People fear commitment for a variety of reasons. For some, they have seen a blueprint of the pain and heartache that can result when commitment doesn’t work out. There is the more obvious example of watching a parent’s divorce, but this also shows up in experiences of committing to a career, hobby, or idea only to have it not work out. The push-and-pull of desperately wanting the security of commitment, while also fearing the loss of that security can cause someone to push away an otherwise healthy addition to their lives.
- Poor coping skills
Because self-sabotaging stems from a desire to not experience negative emotions, people who engage in this behavior often struggle to know and effectively use coping skills. Managing distress, especially when you weren’t taught to do so as a child, is a difficult task that requires patience and practice. Self-sabotaging behaviors appear to offer a shortcut to feeling better, and without healthy coping mechanisms in the toolbox, they can sometimes feel like the only option.
Researchers interviewed a group of psychologists about the self-sabotaging relationship behaviors they most commonly see their clients struggle with, and their responses showed a pattern of similar behaviors. While many of these behaviors could be present in a variety of unhealthy relationship dynamics, the clinicians interviewed noted seeing these specifically done with the goal of self-preservation.
- Attacking (accusations, criticism, revenge)
For people engaging in this pattern from a place of self-preservation, attacking their partner is an attempt to deflect negative criticism away from them and be the first to begin attacking, instead of wondering when their partner will begin attacking them.
- Intense pursuit (clinging, demands/ultimatums, obsessive check-ins)
This creates an unsustainable intensity, which in one way is exciting, but it is also exhausting. People self-sabotage with this behavior to maintain passion and elicit a sense of connection and/or commitment.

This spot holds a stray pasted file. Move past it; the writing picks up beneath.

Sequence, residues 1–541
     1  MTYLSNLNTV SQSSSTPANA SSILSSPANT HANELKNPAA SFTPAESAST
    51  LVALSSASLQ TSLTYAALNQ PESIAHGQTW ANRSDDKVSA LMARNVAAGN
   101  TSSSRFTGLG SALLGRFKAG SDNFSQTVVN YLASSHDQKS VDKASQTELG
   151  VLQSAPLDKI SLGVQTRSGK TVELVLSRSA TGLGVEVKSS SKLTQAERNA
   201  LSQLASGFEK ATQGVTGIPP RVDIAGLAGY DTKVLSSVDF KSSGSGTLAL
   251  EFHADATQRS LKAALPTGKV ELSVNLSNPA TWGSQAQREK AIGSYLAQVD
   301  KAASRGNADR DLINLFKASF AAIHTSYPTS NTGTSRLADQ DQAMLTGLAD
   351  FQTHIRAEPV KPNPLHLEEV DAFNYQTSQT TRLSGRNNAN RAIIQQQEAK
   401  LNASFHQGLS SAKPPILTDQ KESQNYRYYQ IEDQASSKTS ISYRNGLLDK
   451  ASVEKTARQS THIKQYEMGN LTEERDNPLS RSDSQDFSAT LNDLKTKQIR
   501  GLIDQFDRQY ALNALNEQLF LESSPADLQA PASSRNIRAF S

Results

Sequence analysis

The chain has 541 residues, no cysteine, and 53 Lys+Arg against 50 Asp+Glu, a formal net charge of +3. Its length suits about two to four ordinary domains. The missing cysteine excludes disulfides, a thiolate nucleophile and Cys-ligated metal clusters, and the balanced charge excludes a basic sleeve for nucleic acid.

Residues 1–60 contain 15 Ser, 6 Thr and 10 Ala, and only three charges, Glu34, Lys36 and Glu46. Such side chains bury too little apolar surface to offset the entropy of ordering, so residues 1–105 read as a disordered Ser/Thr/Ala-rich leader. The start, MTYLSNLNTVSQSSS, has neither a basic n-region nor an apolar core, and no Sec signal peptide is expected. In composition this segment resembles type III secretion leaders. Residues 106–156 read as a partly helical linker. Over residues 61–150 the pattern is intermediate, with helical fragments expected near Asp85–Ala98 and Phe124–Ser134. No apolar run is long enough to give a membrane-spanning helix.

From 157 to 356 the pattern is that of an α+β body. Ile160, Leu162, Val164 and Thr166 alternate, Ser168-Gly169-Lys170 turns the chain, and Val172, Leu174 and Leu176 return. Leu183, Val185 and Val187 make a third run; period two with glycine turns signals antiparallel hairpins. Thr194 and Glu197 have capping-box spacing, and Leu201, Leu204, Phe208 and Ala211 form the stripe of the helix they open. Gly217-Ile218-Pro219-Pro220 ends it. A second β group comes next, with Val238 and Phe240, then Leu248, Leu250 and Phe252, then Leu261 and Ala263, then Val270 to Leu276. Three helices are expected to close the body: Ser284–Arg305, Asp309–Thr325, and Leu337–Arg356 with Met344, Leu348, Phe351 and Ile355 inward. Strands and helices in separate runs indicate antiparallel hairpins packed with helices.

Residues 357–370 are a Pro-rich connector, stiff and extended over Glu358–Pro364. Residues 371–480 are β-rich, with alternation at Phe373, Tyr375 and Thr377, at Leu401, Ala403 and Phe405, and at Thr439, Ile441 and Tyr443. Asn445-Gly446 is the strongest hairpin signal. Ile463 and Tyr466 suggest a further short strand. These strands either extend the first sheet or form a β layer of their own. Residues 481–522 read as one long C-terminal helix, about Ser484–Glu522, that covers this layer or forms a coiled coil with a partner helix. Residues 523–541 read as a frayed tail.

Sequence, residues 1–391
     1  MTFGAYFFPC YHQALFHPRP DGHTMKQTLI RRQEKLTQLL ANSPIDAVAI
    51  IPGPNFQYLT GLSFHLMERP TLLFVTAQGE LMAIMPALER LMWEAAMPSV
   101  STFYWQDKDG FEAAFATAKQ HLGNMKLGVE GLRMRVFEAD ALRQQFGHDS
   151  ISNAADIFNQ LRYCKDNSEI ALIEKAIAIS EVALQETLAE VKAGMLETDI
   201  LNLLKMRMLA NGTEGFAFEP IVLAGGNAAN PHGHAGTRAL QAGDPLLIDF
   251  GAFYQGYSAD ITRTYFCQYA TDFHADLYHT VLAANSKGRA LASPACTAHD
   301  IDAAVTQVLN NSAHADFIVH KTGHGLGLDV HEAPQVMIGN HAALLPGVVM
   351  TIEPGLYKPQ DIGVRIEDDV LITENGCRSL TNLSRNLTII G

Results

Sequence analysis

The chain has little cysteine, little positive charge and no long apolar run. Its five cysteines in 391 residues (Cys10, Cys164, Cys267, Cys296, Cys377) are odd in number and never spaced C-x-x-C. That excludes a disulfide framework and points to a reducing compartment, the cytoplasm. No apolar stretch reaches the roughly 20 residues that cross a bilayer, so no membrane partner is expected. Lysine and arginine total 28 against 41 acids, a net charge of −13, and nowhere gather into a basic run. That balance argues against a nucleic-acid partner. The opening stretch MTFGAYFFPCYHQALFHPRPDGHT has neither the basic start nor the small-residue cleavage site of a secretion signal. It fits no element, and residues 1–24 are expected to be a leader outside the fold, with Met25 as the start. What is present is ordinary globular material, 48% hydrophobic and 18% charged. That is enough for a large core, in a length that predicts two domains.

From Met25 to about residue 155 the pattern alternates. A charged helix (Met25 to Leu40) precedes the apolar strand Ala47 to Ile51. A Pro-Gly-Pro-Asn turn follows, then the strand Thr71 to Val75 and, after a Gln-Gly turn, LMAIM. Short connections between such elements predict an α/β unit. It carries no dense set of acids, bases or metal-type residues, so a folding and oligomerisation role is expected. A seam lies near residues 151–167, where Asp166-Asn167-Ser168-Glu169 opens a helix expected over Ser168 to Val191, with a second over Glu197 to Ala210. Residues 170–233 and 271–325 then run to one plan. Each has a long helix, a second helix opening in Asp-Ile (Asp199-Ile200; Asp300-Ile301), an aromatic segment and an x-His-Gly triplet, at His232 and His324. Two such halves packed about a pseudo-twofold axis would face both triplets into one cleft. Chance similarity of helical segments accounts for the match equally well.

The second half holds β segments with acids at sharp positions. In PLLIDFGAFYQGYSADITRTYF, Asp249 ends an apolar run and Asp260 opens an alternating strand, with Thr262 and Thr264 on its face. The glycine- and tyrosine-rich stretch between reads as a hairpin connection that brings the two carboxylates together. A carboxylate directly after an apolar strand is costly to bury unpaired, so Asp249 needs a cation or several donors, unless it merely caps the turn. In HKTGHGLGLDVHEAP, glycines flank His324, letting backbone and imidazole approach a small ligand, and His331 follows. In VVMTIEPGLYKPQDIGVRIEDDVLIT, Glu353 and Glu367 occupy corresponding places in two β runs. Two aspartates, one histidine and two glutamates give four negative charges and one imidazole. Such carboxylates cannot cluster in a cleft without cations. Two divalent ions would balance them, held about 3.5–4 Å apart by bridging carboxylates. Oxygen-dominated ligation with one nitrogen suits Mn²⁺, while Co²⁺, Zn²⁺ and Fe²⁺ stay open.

- Withdrawing (distancing, hiding emotions, ignoring)
Especially for people who repeatedly did not get their needs met in childhood, withdrawing can be a resulting self-sabotaging behavior. In essence, they are left with a fear that no one will meet their needs, so why should they bother asking to have them met? For some people, the pain of asking to have their needs met and not experiencing effective support seems greater than the pain of loneliness and isolation.
- Defensiveness (Shifting blame, “playing the victim”, externalizing)
Like attacking, people engaging in defensiveness are hoping to reduce the blame put on themselves, and the resulting shame they would experience. These folks are trying to find external causes (whether that be other people, circumstances out of their control, or unfair situations) rather than sit with the discomfort of being in the wrong or acknowledging a need for growth. The fear of having their core self criticized is too much to bear, so they will attempt to keep the focus as far away as possible.
- Contempt (disrespect, holding negative assumptions about another person)
This stems from a person staying “stuck” in their assessment of how a situation will go. When faced with conflict or an opportunity for connection, their assumptions are so fixed that even when faced with alternative information, they struggle to notice and process it. Self-sabotaging with contempt commonly looks like rolling eyes or saying things like “here we go again” rather than attempting to be present and listen to what’s happening.
- Destructive behaviors (gambling, substance use, excessive shopping)
Many people engage in coping skills that may provide temporary relief, but actually increase emotional distress over time (sometimes call maladaptive coping skills). The dopamine high that a person may get from using substances, engaging in risky behavior, or finding instant gratification only dulls the emotional distress temporarily. Then, there are two problems: the original distress, and the negative impacts of the maladaptive coping skills.
- Affairs (physical or emotional infidelity)
It is not uncommon for people with commitment fears to self-sabotage with infidelity. For people who strongly fear abandonment or a loss of commitment, preemptively removing that commitment before their partner does can feel self-protective. Some people seek reassurance that they are wanted or would have options if their partner decided to leave. This is an especially tricky self-sabotaging behavior because in many cases, the exact outcome a person feared (their partner leaving), happens as a result of their behavior.